Dreamed vs. Dreamt: What’s the Difference?

Tomee Cseh

Language can be a bit tricky, especially when it comes to seemingly similar words like “dreamed” and “dreamt.” Both are past tense forms of the verb “dream,” but they aren’t always used interchangeably. In this article, we’ll break down the various aspects that set dreamed vs dreamt apart, offering a practical understanding of their usage.

What is the Form and Structure of Dreamed vs Dreamt?

Here is a quick table for better understanding:

FormRegular verb endingIrregular verb form
StructureBase verb + -edBase verb + -t
ExampleShe dreamed of success.He dreamt of a distant land.

In terms of how they look and sound, “dreamed” is the regular choice, while “dreamt” takes a less common, irregular form.

What are the Regional Variations?

The choice between dreamed vs dreamt often depends on where you’re from. British English tends to lean towards “dreamt,” while American English favors “dreamed.” But it’s worth noting that both are generally accepted in either dialect.

British EnglishLess commonMore common
American EnglishMore commonLess common

Quick Tip: If you’re in the U.S., say “dreamed.” If you’re in the U.K., use “dreamt.” It’s that simple – just match your location with the right word!

What is the Grammatical Usage?

Both “dreamed” and “dreamt” work as past tense verbs. The one you choose often comes down to personal preference or the norms in your region.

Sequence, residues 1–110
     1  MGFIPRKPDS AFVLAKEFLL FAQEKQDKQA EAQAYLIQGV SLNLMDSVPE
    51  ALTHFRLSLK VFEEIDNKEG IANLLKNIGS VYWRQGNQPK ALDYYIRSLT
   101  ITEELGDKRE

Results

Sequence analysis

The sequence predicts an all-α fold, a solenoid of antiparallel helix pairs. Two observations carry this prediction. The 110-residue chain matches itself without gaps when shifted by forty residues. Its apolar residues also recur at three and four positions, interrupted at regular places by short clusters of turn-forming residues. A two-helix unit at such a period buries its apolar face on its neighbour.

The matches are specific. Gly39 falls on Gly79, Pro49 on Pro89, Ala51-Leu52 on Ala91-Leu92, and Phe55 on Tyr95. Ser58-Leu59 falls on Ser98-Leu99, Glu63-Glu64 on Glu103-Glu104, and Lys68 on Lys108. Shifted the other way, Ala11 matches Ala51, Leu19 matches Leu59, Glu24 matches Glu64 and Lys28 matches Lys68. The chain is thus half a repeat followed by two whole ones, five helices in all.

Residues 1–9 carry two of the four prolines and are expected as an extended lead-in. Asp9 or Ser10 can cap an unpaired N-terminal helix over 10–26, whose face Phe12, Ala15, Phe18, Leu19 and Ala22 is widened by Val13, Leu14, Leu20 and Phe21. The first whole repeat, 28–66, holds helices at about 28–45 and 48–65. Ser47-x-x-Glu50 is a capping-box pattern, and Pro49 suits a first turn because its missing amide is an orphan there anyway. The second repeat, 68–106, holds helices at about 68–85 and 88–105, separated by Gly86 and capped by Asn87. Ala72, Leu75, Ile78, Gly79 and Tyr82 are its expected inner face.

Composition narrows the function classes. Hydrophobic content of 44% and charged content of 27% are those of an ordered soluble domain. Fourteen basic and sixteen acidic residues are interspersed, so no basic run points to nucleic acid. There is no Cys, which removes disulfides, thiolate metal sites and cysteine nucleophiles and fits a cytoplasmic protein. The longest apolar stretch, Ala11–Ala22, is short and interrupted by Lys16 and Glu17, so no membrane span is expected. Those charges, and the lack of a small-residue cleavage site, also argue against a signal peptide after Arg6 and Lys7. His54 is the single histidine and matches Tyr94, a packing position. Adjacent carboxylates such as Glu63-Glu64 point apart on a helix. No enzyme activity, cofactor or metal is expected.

Past TenseHe dreamed of a distant landShe dreamt of a better future

Participial Adjectives:

When used as participial adjectives (describing a noun), “dreamed” is more commonly used.

Participial AdjectiveThe dreamed landscapes were mesmerizingThe dreamt memories lingered in her mind

Examples for Clarity:

Let’s look at a few examples to better understand the difference:

  • Last night, I dreamed about winning the lottery.
  • She often dreamt of her childhood home.

How to Use of “dreamed” and “dreamt” in Sentences?

The usage of “dreamed” and “dreamt” in sentences to understand how they can be applied:


  • Last night, I dreamed about exploring a magical forest.
  • The scientist dreamed of groundbreaking discoveries that would change the world.


  • She often dreamt of traveling to exotic destinations.
  • In his sleep, he dreamt vividly about a parallel universe.

Both can be used:

  • They dreamed of success throughout their journey.
  • We’ve dreamt about this moment for years.

What is the main difference between “dreamed” and “dreamt”?

The main difference lies in their origins and regional preferences. “Dreamed” comes from Old English, while “dreamt” is rooted in Middle English, making the choice often dependent on personal preference or regional norms.


In conclusion, choosing between “dreamed” and “dreamt” is usually up to what you like or where you come from. Knowing these little differences helps you handle English better, showing how it’s a bit complex and influenced by history, where you live, and personal choices.